Before his incarceration by his father, John Sinclair had sown his wild oats because, apart from the George mentioned above, who became the Earl of Caithness, he had another son, James, who became the 1st of Murkle and yet another, John, who became the 1st of Greenland and Rattar.

He also had two natural sons: David, who acquired Stirkoke in 1587, and who, in turn, had two sons. The first, named John after his grandfather, met an unfortunate end as he was slain in a fight in Thurso in 1612 whilst the second son, George, met his death when he was ambushed in Norway whilst on his way with 300 men to fight for King Gustav Adolphus of Sweden - also in 1612. Retribution, perhaps, for the massacre of the Norwegian sailors in 1261 referred to above.

The second natural son of John, the Master of Caithness, was Henry who was a member of the jury empanelled to try Robert Stewart, the son of Patrick Stewart, who became the Earl of Orkney after the Sinclairs were deprived of that Earldom by James III when Orkney and Shetland were ceded to Scotland as part of the dowry of Princess Margaret of Norway. This Henry died (mysteriously) in the Castle at Kirkwall which had been built by his ancestor Prince Henry Sinclair. He also (surprise surprise) had a son named John.

* John's "marriage" to MacKay's sister was probably a second "marriage" giving rise to his quot;natural" children because, earlier, he had married Jean, the daughter of the Earl of Bothwell.

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It will be seen that the same names cascade down through the generations which can make the task of the genealogist very confusing. It is made doubly difficult when brothers "german" and brothers "natural" have the same names - especially when the latter were subsequently "legitimised", as so often happened, which is just as well as most of us are descended from those "natural" offspring.

Is it only the names which cascade down through the generations or do we also carry some of those other less desirable traits which seemed to have been such a common factor with our ancestors: avarice, lust for revenge, impetuousity, improvidence, imprudence, tactlessness, premeditated cruelty and even murder? (In my book, to deprive someone of their self-respect is akin to murder).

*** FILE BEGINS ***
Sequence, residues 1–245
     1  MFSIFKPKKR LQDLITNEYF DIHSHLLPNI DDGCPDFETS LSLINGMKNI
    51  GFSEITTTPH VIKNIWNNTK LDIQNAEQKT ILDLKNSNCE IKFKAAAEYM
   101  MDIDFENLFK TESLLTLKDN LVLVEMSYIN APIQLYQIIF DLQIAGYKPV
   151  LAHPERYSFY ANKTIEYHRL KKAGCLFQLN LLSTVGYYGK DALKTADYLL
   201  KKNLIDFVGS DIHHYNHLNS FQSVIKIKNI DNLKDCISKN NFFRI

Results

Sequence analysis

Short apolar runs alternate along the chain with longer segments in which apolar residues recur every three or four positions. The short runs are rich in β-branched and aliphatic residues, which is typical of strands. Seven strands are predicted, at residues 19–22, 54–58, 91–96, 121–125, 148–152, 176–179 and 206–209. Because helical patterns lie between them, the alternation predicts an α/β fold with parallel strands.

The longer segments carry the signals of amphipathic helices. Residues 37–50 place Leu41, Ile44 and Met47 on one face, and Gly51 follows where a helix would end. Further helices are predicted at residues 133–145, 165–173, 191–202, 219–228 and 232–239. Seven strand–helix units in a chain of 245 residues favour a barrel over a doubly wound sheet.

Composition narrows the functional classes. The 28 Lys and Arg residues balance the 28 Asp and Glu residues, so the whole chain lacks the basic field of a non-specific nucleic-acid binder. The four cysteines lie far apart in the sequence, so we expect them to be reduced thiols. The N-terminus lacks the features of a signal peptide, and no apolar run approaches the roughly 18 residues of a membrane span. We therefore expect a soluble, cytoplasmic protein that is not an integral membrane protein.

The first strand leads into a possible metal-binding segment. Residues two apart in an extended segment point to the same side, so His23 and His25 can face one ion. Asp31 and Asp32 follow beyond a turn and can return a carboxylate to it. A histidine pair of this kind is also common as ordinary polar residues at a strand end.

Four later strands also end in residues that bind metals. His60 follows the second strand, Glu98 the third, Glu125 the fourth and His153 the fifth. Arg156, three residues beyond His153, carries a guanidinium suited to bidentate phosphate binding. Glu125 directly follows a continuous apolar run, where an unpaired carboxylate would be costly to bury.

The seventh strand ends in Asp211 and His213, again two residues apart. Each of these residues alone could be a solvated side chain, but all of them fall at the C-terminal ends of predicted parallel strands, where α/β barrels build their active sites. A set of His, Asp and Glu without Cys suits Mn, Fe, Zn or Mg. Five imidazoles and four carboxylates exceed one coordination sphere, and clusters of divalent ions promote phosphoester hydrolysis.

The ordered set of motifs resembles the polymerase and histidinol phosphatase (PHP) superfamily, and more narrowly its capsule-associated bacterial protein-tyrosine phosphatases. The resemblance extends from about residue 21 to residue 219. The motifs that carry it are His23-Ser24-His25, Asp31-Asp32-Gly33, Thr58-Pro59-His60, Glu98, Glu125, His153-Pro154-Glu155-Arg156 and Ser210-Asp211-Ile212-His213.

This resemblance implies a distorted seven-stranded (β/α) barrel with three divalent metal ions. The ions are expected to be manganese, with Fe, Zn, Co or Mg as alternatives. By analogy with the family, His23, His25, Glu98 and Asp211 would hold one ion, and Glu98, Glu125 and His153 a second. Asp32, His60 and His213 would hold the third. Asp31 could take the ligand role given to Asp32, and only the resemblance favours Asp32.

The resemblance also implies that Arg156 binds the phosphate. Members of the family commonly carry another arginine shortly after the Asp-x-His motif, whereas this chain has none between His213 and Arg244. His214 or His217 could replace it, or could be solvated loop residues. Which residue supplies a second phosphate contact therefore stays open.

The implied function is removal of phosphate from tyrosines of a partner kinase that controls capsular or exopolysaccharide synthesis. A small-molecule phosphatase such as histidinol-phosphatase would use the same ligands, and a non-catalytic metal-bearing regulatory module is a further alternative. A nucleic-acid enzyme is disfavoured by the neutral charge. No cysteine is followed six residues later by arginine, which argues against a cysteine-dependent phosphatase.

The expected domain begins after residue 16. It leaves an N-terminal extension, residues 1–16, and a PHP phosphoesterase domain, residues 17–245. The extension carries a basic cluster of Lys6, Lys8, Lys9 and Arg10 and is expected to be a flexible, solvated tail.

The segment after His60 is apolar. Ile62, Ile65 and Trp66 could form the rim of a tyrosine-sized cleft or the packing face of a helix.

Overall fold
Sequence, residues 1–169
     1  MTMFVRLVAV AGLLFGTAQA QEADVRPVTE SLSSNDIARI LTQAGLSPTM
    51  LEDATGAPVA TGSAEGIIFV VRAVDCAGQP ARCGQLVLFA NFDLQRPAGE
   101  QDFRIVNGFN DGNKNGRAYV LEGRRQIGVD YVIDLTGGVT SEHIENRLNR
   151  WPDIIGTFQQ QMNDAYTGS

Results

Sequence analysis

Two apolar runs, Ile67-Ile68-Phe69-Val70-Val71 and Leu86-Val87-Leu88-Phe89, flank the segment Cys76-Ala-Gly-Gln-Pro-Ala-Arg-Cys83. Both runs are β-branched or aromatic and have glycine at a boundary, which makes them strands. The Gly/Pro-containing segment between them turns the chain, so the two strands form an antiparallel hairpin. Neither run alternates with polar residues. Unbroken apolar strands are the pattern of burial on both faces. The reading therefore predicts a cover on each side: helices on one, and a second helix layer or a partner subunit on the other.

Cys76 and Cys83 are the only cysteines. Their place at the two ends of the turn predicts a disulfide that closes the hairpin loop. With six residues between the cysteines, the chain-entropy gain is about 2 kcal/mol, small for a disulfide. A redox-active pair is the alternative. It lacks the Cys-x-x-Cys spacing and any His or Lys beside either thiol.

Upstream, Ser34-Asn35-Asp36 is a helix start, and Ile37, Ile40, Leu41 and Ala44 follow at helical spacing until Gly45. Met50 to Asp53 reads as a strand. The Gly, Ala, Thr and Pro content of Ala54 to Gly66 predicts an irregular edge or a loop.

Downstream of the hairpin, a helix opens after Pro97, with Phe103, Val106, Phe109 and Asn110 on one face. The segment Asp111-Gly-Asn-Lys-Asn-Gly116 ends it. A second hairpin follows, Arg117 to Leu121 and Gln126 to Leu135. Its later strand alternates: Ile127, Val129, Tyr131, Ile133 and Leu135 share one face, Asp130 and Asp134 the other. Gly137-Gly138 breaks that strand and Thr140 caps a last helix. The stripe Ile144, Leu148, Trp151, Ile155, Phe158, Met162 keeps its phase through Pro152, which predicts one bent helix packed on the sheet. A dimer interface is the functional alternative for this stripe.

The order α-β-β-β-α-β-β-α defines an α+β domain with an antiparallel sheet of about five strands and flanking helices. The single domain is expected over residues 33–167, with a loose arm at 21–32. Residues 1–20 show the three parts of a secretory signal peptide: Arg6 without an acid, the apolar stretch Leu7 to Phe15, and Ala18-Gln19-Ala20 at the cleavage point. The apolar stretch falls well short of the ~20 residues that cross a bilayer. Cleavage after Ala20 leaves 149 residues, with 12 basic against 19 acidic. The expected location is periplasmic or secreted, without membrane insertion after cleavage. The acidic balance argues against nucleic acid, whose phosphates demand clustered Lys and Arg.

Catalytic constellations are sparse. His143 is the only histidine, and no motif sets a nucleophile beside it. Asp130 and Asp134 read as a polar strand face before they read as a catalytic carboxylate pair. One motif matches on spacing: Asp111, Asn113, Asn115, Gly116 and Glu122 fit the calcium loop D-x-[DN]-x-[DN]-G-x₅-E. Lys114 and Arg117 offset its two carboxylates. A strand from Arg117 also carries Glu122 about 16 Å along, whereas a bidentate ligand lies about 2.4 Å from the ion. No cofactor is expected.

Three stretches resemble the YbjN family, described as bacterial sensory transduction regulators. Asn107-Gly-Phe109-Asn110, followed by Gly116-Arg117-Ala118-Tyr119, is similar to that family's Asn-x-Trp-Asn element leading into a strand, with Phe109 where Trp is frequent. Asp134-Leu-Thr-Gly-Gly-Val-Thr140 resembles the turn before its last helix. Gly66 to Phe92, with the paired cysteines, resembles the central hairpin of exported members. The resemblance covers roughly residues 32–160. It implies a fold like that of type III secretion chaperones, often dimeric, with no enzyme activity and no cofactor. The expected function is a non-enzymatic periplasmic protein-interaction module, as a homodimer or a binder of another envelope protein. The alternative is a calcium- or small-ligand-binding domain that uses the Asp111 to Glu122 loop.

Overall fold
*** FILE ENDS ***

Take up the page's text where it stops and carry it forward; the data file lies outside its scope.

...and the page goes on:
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Let us return to my boyhood crossing of the Ord where this story began. "This is the Ord" Father had said. We boys looked around to see if we could see anything which gave rise to this unexpected announcement. We looked in vain. We simply saw more and more of the same. Father continued by way of explanation:

"Six hundred Sinclairs crossed the Ord of Caithness on their way to Flodden Field in 1513. They were killed to a man".

"Who were we fighting", I asked.

"The English," Father said.

"We wouldn't have lost if I had been in command", I said. I was seven years of age. My only knowledge of warfare was confined to the school playground where, instead of playing "Cowboys and Indians", we played "Scots and English" i.e. whenever we could find enough boys who could be "persuaded" to be English. It wasn't easy.

We may have had the Union of the Crowns in 1603 but over 300 years later the English were still the "enemy" in the hearts and minds of most Scots. The Scots never lost.

Bannockburn was remembered. Flodden was forgotten. (It was and is the tragic reality of such ignorance which gives rise to the ethnic and religious conflicts which manifest themselves in so many parts of this tormented and troubled World to this very day. So much for progress. So much for civilisation).

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"Even to this day," Father continued, "Sinclairs won't cross the Ord of Caithness on a Monday morning wearing green."

"Why green?" I asked.

"That was the colour of our breeks," Father responded.

"Breeks? Didn't we wear kilts?" I challenged.

"No, we wore breeks. The Campbells had a song which said: The carles wi' the breeks are running before us."

"The Campbells!" I splurted - almost choking myself with indignation.

"Yes, the Campbells," Father explained, "They were the lackeys of the English. They even took over the Earldom of Caithness for a time from the Sinclairs. There was a poem about it:

"Short time, Glenorchy¹ Caithness ruled,
By every rank abhorred,
Whilst Keiss², who firm upheld the claim,
Obtained the Sinclair's coronet,
Which was his own by right,
And with that brave devoted band
On fatal Flodden fell."

By this time, I was almost in tears. Being chased by Campbells and being massacred by the English wasn't my idea of "Oh! For the Sinclairs of old!" which was my battle cry on the school playground where my name had been changed from "Niv" to "Kniv" which, in the Scottish dialect, means a fist.

My fists were always flying. Every day brought a new battle. I was another George Sinclair (from whom I am said to be descended) in the making. It took me many years to discover that the greatest battle I had to fight was with myself.

Niven Sinclair

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Some explanations: